Friday, January 13, 2012

Annapurna 100: Flight to Nepal

Suvarnabumi Airport: looks better than KLIA

The Himalayas!
Kathmandu airport
 At the top of Tibet Guest House
 Prayer flags in the air...

Summit Hotel!

 The view from the hotel was just spectacular. The 3 mountain range can be seen from here, a rare scene.

 Temples around Thamel area.

Another view of Kathmandu in the evening.

After mr25, I got back to training mode. With 2 weeks to the event, there wasn't much time. Grace Lim graciously lent her trekking poles. I was a bit skeptical at first. But having an injured knee, and having pain, or minor discomfort, as I would like to call it, isn't a promising way to finish even the race.

So I tried them up Bkt Segar. And it was awesome. I could ascend & descend without putting more weight on my knees, which prolonged the time I could be out there. Or at least, if I was too crippled, I would just use the poles to shift my weight forward.

I tried 5 loops, ascent of 1000m, at that was quite a workout. I tried 10, but missed out on the last loop, cause I was just too tired, even using my mind to turn things around, I was barely making it out. It was a vertical ascent after all, But I was happy that at least I finished 9 loops for a total of 1872m.

All in all, I wasn't too happy with the mediocre training, but that's the most I could put up, without getting too much injured.


The flight to Nepal has a transit in Bangkok for a night. I coudn't really sleep there. It was cold as well, without any jacket on.

The next day, I was seated next to a couple who were under an NGO overseeing the Himalayas. They were grateful enough to let me seated to the window, and overlooking the Himalaya range. I coudn't contain my excitement as Everest, Lhotse, Lantang, and some other range not within my knowledge came into view. They looked like white clouds hovering above the sky. And our plane cruising altitude seems the same as the height of the mountains.

The couple did gave some advice on what to wear during winter time in Nepal. Yes, it was winter, which is also the least tourist traffic time of the year. Also, they did warned about the pollution and the safety issue in regard to water & food.

The first thing that hit me, when overseeing kathmandu is how sporadic the buildings were. Then, how simple, and small the airport in Kathmandu is, compared to Suvarnabumi in Thai.

I went through the immigration, and luggage check without much hassle. Then I tried to seek the taxi that would bring me to Tibet Guest House. Luckily the hotel said it as it was. After getting another 2 passengers from Korea, and we're off to the hotel.

Another thing that struck me was the smoggy air, and the layer of haze that just lies across the city. Then there was the shock of the terrible roads & infrastructure throughout the journey. Not to mention the garbage strewn in the waterways & all around. I had trouble breathing a few times.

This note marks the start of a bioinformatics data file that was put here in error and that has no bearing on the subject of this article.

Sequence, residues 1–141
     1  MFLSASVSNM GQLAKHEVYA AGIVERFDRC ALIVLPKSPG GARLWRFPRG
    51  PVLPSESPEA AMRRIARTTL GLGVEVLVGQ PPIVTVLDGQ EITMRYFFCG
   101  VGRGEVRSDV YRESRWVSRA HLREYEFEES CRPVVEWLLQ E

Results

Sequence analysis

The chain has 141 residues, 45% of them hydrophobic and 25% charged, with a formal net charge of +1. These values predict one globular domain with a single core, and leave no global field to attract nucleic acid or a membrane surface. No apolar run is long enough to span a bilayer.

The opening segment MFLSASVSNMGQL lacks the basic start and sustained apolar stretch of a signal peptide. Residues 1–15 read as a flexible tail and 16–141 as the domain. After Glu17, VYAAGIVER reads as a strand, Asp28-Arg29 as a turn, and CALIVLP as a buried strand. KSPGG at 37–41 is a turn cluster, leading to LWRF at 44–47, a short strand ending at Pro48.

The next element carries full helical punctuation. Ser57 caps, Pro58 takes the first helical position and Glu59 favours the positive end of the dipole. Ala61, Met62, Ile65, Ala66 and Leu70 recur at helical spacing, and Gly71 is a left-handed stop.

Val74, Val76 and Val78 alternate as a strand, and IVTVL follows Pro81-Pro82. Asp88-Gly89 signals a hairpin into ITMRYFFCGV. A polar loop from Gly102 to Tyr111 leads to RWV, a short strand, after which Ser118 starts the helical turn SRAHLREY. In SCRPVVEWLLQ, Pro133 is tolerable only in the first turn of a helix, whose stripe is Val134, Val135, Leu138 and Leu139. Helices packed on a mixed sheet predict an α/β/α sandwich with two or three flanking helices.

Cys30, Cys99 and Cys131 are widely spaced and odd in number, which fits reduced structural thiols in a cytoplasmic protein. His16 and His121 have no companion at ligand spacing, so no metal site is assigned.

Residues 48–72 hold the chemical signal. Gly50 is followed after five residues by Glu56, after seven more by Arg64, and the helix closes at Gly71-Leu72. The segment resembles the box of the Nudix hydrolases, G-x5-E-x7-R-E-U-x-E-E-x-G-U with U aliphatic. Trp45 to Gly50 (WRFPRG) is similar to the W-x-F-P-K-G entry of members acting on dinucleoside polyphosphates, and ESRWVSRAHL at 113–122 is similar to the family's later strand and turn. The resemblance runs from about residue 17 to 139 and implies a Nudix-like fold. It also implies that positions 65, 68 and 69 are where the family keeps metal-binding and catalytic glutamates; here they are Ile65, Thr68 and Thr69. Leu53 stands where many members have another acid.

Finally we reached the hotel, which was really nice. The management, however, warned us of scheduled power cuts. The room I stayed didn't have a heater, and therefore cheap, costing 24usd for 2 nights.

Soon, the low temperature hit me. I think it's around 15c. I have been to a server room at 18c, and it was terribly cold. I quickly unpacked, and went searching for winter clothing. The couple had advised to get a 'down' jacket, so I got that, with a pair of gloves. Still, I have trouble with the cold.

Had dinner, then went off to bed at 6:30pm local time. I didn't have much sleep at the airport in thailand. Sleeping wasn't that pleasant either. Everything is cold, including the bed.


I woke up the next day, and felt much better. It was way much colder in the morning. I went up the rooftop, and the view from there was amazing. Kathmandu is a big city, and a unique one that is. Every single building is different, with it's own design, number of floors, and color, and age. And the smoggy smell still persists, giving the air a certain permanent odour.

After having a hearty breakfast in the hotel, I went for a walk across town. I have downloaded the map on my phone, so I figured I could walk from Thamel to Kupondole, where Summit Hotel is located. I also wanted to see more of Kathmandu, so I guess walking a few hours will be a nice idea.

The interesting thing is, I was mistaken for being a Nepalese a few times. Some sellers spoke to me in Nepalese, and I have to say I wasn't able to speak. But most just ignored my presence.

I finally reached Summit hotel, after asking for directions at Kupondole. That place was just luxurious, and even has its' own pool. Roger Henke, the race director was gracious enough for a chat. We talked mostly about the race, and notably the cut off times involved. He has this kind of grin, that somehow I felt like saying "this 100km is real tough, and if you aren't a local, you have no chance of completing it". There's truth in that as I would later find out.

The race TMBT 100km in sabah was generous with 36 hours. You could walk that entire course with that time. But Annapurna 100 is 18.5 hours only. And given almost 6000m in total elevation, that is one tough one to pull off. Yet, the local runners are doing it in sub 12 hours!

After the chat, I walked back to Thamel, passing some old temples, which was kind of interesting as well. But I wasn't too focused on the sight seeing part. I knew I have to get things packing for the next day's ride to Pokhara.


gracie said...

What beautiful photos of the sights and scenes in Nepal. Very glad that the trekking poles helped - you so quickly picked up the skills for using them. Took me a year to 'warm up' to them.

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